On this day dedicated to some great men, let us take a moment to mark the passing of one of horse racing's greats. Dick Francis, jockey to the Queen, writer for the masses, died this weekend. Author of more than 40 novels which graced the bestseller lists throughout four decades, Francis brought the sights and sounds and language of the track to readers throughout the world.
If he'd never written a word, Francis would still be remembered as a winner of 350 races and Britain's jockey of the year in 1953-54. And after a stunning, calamitous ride in the 1956 Grand National aboard Devon Loch, he may have gone on to be remembered as the fellow who lost the National.
But instead, he retired from racing, and in 1957, published a memoir, Sport of Queens which led to a career as a racing columnist for the Sunday Express. Perhaps his years in steeplechase left him ever ready to jump to new things, for when his wife Mary suggested he try his hand at fiction, he gave it a go, cleared the hurdles with grace, and added "novelist" to his resume.
Perhaps, as the Washington Post obituary notes, his works were formulaic, but they were award-winning as well. He received the Diamond Dagger Award from the Crime Writers Association of Great Britain, and he remains the only author honored by the Mystery Writers of America for Best Novel three times (in 1970 for Forfeit, 1981 for Whip Hand, and 1996 for Come to Grief.)
As so many in the American racing industry deplore racing's declining profile, Dick Francis and his adventure-filled tales kept horse racing alive in the public conscience. Folks who never read a racing form picked up a Francis paperback -- and were transported to the track.
Last year, while handicapping the semi-finalists for the Dr. Tony Ryan Book Award, I remarked that when folks from outside of the racing world understand words like "furlong" and "irons", it's likely because of Dick Francis. I suspect, too, that one reason horse racing has more "buzz" than sailing and boxing is that Dick Francis novels -- with their detailed descriptions of silks and stalls, bits and bets -- reminded the general public that race tracks still exist.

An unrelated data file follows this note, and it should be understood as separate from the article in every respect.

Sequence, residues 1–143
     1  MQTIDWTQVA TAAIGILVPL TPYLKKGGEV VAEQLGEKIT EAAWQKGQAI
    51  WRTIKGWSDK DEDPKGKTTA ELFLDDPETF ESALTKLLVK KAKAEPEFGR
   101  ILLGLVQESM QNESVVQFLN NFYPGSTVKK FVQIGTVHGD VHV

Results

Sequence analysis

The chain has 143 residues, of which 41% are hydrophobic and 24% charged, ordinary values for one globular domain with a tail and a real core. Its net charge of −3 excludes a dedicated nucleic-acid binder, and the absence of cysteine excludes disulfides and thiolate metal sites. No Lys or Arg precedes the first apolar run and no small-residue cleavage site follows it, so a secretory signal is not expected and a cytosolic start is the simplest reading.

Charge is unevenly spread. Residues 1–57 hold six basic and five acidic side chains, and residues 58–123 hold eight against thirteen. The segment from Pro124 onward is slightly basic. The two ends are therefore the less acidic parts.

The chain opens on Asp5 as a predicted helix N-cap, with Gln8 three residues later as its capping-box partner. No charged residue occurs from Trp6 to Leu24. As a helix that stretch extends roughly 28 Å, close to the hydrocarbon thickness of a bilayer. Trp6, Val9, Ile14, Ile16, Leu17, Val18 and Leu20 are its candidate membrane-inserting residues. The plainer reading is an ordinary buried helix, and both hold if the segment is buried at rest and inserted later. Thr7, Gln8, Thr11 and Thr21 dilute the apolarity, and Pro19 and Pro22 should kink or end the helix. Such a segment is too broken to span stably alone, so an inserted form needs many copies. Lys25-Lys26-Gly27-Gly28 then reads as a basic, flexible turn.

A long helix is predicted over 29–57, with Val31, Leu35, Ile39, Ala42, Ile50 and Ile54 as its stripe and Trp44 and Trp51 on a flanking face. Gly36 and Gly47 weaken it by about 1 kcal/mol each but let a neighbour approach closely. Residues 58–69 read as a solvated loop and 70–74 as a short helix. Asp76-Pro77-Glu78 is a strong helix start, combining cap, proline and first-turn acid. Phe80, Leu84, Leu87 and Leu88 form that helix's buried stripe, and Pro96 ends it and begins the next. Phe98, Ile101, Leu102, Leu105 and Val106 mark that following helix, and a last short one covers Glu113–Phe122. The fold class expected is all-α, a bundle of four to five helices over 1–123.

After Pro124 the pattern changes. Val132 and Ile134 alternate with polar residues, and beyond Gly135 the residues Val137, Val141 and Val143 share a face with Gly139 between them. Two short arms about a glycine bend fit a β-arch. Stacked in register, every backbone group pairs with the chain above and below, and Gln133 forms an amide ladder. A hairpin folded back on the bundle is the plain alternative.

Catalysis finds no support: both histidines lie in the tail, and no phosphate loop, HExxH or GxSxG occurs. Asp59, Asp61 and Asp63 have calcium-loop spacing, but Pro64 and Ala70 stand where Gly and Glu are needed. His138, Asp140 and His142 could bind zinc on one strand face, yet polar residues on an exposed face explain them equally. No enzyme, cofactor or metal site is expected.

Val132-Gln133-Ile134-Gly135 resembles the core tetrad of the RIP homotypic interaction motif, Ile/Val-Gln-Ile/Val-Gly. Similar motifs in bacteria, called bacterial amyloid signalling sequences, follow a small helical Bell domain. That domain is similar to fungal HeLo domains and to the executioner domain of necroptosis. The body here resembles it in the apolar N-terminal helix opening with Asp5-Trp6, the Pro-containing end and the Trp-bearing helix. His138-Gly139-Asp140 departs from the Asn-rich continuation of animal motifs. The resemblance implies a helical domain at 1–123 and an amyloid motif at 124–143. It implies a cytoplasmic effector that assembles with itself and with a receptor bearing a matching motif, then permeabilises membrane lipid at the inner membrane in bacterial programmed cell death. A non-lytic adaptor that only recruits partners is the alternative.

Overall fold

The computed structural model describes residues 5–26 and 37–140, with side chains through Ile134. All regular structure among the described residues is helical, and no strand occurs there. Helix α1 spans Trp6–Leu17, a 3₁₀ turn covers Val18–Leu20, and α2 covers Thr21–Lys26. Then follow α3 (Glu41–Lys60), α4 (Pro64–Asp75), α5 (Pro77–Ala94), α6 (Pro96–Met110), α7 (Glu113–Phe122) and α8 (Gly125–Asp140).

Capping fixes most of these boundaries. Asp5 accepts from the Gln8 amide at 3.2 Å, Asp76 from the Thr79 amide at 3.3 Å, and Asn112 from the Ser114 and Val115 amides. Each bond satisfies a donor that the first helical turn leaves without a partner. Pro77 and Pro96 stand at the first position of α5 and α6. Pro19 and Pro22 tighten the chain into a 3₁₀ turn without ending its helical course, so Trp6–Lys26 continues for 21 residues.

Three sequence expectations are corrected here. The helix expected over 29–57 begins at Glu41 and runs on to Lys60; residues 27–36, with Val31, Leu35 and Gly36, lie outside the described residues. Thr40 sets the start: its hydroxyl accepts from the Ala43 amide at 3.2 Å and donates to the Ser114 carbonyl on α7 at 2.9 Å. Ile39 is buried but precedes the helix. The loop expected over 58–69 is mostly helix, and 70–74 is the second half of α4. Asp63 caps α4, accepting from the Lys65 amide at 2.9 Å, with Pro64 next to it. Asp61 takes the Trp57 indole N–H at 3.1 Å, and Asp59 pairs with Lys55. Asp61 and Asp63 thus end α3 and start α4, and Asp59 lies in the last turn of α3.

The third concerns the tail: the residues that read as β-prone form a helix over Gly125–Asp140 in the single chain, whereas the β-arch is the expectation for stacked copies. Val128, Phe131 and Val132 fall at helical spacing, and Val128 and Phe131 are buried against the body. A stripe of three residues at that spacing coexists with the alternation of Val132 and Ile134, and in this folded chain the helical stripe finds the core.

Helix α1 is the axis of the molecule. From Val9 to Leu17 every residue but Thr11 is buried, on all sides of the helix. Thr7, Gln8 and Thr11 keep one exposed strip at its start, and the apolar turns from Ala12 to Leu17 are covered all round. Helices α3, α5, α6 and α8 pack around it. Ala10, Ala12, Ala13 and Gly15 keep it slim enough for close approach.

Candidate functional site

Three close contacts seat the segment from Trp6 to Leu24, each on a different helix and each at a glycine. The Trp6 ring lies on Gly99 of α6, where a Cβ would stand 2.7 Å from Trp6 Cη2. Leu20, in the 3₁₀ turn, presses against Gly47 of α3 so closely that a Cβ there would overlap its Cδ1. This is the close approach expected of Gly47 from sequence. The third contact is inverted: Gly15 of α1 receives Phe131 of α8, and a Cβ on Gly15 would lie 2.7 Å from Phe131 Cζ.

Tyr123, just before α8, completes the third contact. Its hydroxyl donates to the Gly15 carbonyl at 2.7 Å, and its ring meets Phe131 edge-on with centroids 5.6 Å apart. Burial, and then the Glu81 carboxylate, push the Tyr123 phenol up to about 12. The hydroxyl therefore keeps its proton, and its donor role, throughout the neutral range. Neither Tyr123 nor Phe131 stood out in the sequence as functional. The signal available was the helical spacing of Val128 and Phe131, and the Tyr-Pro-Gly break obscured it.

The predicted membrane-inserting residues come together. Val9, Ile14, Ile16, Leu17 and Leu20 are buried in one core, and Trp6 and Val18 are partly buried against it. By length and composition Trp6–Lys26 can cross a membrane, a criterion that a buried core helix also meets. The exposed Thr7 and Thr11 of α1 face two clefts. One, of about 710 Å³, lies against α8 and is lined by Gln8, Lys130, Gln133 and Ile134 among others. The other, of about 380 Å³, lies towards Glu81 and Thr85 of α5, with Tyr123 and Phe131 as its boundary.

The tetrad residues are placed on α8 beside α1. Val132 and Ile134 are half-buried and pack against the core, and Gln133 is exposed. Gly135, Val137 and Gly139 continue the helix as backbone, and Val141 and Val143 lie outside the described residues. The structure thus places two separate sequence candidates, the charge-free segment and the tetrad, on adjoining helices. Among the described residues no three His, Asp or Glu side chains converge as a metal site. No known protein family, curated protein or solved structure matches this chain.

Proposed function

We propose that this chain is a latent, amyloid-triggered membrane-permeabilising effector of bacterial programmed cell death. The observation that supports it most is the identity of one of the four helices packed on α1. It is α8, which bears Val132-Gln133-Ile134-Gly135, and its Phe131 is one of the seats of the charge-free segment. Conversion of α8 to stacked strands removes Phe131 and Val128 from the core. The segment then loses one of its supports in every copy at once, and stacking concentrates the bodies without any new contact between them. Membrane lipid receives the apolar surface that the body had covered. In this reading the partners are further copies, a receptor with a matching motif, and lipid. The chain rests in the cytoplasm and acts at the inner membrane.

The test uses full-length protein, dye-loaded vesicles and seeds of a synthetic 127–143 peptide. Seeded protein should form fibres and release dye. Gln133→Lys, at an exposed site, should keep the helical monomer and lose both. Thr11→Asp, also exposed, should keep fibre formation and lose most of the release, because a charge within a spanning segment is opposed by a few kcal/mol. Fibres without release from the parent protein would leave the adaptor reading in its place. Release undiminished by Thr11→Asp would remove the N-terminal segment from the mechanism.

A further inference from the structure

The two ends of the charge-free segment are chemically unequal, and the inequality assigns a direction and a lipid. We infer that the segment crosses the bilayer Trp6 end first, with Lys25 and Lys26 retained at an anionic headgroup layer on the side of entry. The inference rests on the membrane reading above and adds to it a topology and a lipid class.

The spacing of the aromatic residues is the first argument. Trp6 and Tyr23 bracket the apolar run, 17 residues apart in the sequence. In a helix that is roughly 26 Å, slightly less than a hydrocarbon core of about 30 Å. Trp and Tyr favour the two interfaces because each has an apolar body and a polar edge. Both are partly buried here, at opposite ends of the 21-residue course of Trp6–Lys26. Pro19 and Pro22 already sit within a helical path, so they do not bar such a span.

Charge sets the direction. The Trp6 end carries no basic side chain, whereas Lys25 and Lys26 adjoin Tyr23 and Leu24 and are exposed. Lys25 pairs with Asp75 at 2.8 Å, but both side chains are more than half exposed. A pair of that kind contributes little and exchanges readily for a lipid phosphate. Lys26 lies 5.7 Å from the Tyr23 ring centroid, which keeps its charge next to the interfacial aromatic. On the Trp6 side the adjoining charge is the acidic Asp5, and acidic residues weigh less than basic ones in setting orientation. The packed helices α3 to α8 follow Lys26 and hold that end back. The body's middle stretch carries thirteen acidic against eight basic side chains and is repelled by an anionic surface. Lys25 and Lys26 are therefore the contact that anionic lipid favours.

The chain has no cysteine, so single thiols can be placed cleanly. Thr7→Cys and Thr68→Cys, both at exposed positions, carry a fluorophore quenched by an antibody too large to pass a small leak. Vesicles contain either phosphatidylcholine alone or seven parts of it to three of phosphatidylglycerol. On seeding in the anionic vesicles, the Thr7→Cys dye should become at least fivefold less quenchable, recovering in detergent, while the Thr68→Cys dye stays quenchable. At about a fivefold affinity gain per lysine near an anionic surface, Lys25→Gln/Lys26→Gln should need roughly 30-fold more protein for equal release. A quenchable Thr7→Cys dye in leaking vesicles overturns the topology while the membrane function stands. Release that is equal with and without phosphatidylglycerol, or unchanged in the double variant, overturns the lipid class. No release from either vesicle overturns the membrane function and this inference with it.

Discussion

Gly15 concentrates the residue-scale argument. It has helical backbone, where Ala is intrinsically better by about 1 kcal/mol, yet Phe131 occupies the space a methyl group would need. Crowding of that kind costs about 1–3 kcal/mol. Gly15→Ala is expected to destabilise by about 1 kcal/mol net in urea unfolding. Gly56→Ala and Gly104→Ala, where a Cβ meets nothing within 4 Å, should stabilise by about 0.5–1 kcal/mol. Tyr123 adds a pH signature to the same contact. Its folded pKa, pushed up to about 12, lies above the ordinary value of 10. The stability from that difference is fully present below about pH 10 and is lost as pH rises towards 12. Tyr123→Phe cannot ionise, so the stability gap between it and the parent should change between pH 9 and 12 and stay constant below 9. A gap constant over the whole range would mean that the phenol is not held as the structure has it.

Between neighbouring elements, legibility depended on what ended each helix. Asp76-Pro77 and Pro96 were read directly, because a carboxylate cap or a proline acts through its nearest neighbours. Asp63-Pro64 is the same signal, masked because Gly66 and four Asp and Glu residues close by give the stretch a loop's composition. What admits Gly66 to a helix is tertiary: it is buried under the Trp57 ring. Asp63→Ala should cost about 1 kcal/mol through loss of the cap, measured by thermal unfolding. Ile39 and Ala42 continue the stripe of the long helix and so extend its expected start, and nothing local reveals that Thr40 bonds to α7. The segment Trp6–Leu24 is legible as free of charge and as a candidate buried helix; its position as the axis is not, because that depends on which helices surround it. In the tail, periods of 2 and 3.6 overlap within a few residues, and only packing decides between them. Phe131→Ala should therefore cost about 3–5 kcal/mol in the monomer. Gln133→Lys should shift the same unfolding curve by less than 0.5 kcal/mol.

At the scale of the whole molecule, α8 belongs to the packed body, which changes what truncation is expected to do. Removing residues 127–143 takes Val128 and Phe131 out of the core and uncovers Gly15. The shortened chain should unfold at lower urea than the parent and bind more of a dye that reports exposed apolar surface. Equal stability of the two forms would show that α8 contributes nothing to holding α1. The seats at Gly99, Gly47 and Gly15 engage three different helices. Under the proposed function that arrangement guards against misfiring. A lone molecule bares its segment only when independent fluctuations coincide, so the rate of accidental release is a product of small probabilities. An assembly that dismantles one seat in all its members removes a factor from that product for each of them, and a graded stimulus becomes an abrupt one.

Francis was mainstream in a way that simply dwarfs much of the literature of our sport. Look at these current Amazon ratings for last year's Tony Ryan Book Award semi-finalists:
Twoey and the Goat - #1,557,541
The Untold Story of Joe Hernandez - #1,292,136
The Last Black King of the Kentucky Derby - #1,145,358
The History and Art of the Travers - #983,334
My Guy Barbaro - #697,040
Beyond the Racetrack - #115,624
Silks by Dick Francis - #55,024
The paperback (#1,449) and the Kindle (#1300) editions are doing even better.
True, none of these books are by authors with the name recognition of Dick Francis, and also true that death of an author often pushes a bump in sales, but still -- it can't be denied that his tales of blood, sweat and horses reach a public that's never heard of TVG or Bloodhorse.
The many books of Dick Francis can be found on the shelves of bookstores and libraries most everywhere, and another collaboration with son Felix, Crossfire, is due out later this year. Many of his works are available in e-book or Kindle format. Even online readers can sample some classic Francis storytelling in "A Carrot for Chestnut", a short story available at the SI Vault. So, I suspect that much like Walter Farley and his Black Stallion, Francis and his tales of trackside skulduggery will continue to inform the public perception of horse racing for years to come. We've been lucky that throughout his dozens of novels, replete with murder, kidnapping, blackmail, doping, and nefarious financial schemes, Francis is still able to convey the thrill of the race and the magnificence of the horses.
Franz Lidz, whose 1993 Sports Illustrated article about Francis was expanded for inclusion in an eclectic 1998 collection, Horse People, quoted Francis as saying,
"Yes, riding was my first love. It's lovely when you're on a good horse, seeing the fence in front of you. Nothing could be more satisfying." He quickly adds, "But writing has its compensations. When a race is over, it's gone for good. A book remains."Actually, about 42 of them remain. Thank you and God bless, Mr. Francis.
Frank at That's Amore Stables offers a different and eloquent tribute to Francis in his A Way with Horses post.